Folios 152v – 176v are, taking some textual variation into account, identical with the first part of the Jordanian critical edition of Ibn Ḥajjāj (see there), although Carabaza Bravo, García Sánchez & Llavero Ruiz, 1991, p. 1121 seem to agree with the identification of the author as Al-Zahrāwī, an opinion vehemently rejected by Attié, 1969, p. 261.
Later Carabaza Bravo & García Sánchez, 2001, p. 104, claim that this text is actually part of Ibn Wāfid’s Majmū‘ fī l-filāḥah. According to Attié, 1969, p. 261 and Carabaza & García, 1998, p. 407ff., the ms. no. 10106 of the National Library of Madrid and the ms. no. 93 of the Spanish and Portuguese collection of the Bibliothèque Nationale de France in Paris contain medieval Castilian versions of this text, the identification of which as Spanish versions of Ibn Wāfid has persuaded Carabaza & García, 1998, pp. 409-412, to identify the corresponding text of the Arabic codices likewise as part of Ibn Wāfid’s opus; cf. also Millás Vallicrosa, 1942, pp. 92-96. (The Arabic text apparently also appears in the manuscripts used for the
of a Kitāb al-filāḥah under the name of Abū ’l-Khayr (al-Andalusī) by Sīdī al-Tuhāmī al-Nāṣirī al-Ja‘farī, and the
of a work entitled Kitāb mukhtaṣar al-filāḥah al-ifriqīyah/ Kitāb mukhtaṣar al-filāḥah ‘alà l-kamāl wa-l-tamām, ascribed to Abū ‘Abd Allāh Muḥammad ibn al-‘Awwām al-Andalusī and edited by Shaykh ‘Alī al-Shannūfī from the Al-Zaytūnah mosque (Attié, 1969, p. 261; Carabaza & García, 1998, pp. 409-412.
Folios 176v – 186r, which are in this manuscript ascribed to Al-Nahrāwī/Al-Zahrāwī, have been identified as a summary or parts thereof of the agronomical treatise of Ibn al-‘Awwām (see there); cf. Attié, 1969, p. 261; also Vajda, p. 342.
- Bibliothèque Nationale de France, Paris, ms. no. 4764, folios 151r – 160r.
Although the ms. itself seems to attribute the folios 64v – 151r to Abū ’l-Khayr, Attié Attié, 1969, p. 254 regards it as part of Al-Nahrāwī’s treatise, known from the above two mss. as well as from the ms. Paris no. 5013, which is anonymous, while the Jordanian edition of Ibn Hajjāj regards it as fragment of Al-Muqni‘ (see there). However, Carabaza & García, 1998, p. 405 and Carabaza Bravo & García Sánchez, 2001, p. 104f. attribute these folios to Ibn Wāfid’s work; cf. also Vajda, 1953, p. 493, and Carabaza Bravo, García Sánchez & Llavero Ruiz, 1991, p. 1122f.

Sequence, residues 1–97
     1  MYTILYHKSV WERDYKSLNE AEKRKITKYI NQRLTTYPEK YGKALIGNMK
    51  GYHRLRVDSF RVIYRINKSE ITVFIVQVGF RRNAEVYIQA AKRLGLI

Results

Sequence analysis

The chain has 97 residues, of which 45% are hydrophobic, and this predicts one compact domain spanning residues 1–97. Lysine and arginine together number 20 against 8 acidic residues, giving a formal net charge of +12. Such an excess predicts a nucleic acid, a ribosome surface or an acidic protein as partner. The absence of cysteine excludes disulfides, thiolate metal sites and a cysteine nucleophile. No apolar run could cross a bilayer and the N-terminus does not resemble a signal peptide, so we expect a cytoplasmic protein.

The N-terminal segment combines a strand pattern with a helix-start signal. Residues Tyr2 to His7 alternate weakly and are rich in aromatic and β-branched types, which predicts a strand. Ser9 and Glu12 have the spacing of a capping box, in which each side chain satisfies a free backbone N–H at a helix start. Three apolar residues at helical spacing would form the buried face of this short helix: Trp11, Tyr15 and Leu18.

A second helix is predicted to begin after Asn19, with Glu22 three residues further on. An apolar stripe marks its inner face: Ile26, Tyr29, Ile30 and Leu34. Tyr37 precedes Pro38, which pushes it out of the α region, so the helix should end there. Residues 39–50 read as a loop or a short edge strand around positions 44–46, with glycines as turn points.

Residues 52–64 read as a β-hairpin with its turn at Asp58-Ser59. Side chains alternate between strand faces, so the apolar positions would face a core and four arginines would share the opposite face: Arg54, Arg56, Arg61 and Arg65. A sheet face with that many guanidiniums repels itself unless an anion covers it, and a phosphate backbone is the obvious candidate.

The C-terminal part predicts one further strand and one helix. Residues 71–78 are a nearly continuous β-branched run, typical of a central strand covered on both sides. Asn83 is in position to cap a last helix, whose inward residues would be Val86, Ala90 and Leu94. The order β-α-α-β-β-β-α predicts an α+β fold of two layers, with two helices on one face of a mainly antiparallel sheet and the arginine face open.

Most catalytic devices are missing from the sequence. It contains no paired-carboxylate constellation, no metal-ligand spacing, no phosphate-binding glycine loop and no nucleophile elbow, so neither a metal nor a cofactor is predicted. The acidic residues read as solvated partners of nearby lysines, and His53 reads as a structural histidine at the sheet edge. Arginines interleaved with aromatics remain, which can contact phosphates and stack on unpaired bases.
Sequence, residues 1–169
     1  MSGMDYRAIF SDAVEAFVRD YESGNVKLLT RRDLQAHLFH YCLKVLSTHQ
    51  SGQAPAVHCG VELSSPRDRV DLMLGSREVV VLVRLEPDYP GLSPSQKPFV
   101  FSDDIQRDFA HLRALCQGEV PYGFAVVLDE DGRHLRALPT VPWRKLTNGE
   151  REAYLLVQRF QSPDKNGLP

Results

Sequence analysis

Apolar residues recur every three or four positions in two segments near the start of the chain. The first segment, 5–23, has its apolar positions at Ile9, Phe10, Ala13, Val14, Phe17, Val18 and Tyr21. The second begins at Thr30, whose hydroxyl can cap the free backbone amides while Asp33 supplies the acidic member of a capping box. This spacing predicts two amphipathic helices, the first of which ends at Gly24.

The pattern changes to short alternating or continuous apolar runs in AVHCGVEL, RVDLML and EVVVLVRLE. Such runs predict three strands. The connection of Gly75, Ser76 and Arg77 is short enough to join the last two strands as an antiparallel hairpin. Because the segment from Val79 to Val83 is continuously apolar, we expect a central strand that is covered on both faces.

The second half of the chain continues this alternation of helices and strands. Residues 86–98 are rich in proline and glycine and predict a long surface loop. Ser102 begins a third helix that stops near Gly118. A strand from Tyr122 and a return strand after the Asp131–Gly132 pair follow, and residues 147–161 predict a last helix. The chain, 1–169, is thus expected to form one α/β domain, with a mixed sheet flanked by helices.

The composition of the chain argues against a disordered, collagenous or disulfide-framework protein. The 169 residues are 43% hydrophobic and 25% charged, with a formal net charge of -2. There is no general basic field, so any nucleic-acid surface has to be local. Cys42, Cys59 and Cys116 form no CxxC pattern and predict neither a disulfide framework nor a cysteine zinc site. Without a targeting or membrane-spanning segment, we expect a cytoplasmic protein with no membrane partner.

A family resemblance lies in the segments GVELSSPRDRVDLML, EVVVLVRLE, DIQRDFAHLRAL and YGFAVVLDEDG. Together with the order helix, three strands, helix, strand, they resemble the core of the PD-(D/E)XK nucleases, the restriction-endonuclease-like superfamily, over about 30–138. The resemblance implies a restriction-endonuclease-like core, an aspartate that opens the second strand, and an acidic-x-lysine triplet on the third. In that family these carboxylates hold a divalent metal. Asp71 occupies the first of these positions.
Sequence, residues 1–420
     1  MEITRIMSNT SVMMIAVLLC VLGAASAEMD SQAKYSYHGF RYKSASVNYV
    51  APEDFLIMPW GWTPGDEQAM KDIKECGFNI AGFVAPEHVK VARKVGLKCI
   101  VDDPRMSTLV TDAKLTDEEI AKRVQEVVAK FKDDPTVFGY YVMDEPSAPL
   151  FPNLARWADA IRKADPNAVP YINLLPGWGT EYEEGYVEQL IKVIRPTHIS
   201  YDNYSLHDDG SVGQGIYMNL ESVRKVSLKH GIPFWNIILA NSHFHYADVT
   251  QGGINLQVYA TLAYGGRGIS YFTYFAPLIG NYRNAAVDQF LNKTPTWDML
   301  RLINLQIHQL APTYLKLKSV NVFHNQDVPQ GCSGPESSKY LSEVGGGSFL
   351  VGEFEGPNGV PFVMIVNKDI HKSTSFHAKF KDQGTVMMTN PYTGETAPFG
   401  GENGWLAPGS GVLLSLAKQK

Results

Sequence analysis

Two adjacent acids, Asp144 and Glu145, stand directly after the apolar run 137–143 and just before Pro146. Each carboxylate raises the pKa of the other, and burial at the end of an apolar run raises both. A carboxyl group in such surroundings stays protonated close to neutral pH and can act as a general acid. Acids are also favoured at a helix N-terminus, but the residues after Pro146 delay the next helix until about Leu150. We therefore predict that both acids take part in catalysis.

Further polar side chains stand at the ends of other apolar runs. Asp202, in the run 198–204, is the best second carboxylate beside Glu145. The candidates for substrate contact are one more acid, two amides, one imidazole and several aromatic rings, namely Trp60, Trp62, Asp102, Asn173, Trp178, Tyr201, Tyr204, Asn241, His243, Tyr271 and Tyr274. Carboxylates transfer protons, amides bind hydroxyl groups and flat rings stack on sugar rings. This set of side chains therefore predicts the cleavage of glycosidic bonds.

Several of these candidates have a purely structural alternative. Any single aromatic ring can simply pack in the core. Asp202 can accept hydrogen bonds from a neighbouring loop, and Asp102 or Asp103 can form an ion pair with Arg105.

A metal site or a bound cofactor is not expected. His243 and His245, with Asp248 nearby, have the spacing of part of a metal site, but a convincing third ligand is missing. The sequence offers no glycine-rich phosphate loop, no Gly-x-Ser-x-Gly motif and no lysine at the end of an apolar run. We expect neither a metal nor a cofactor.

- Bibliothèque National de France, Paris, ms. no. 5013, folios 1v-47v.
While folios 72v-161v clearly contain Ibn Baṣṣāl’s treatise, the identity of the first part of the ms. is contested. According to Attié Attié, folios 1v-47v belong to Al-Nahrāwī/Al-Zahrāwī and the rest to Ibn Ḥajjāj; Millás Vallicrosa, Carabaza & Sánchez are of the opinion that the first part belongs to Ibn Wāfid’s opus, and the rest to Ibn Ḥajjāj. The Jordanian edition of Al-Muqni‘ regards all of these folios (1v-47v) as part of Ibn Ḥajjāj’s treatise; cf. Carabaza Bravo, García Sánchez & Llavero Ruiz, 1991, p. 1119f.; Attié, 1969, p. 256f.; Carabaza & García, 1998, p.406; Carabaza Bravo & García Sánchez, 2001, p. 104; Vajda, 1953, p. 342. See more on Bibliothèque National de France ms. no. 5013.
- Private manuscript of M. ‘Azīmān, Tetuan, folios 106v-130v.
This ms. is described in Millás Vallicrosa, 1954, 87-96. There seems to be no reference in the text regarding any authorship. In the opinion of B. Attié (1982: 321), these folios are the work of Al-Nahrāwī but Millás Vallicrosa, 1954, as well as Carabaza Bravo & García Sánchez, 2001, p.104 ascribe this portion to Ibn Wāfid. See more on this manuscript.
Thus it appears that all manuscripts ascribed to Al-Nahrāwī/Al-Zahrāwī are ascribed also to Ibn Wāfid and/or Ibn Ḥajjāj.
- There is, however, an additional ms. in the Chester Beatty Collection, Dublin (no. 3630, folios 162-184 ?, written in naskhī script) with the title Mukhtaṣār Kitāb al-Filāhah though with an unknown author. The ms. is dated to 849/1445-6 and was copied by the scribe ‘Īsā ibn Muḥammad ibn ‘Īsā ibn Abī ’l-Fatḥ al-Sharmīnī. I have not seen this ms. mentioned elsewhere as being ascribed to any other author.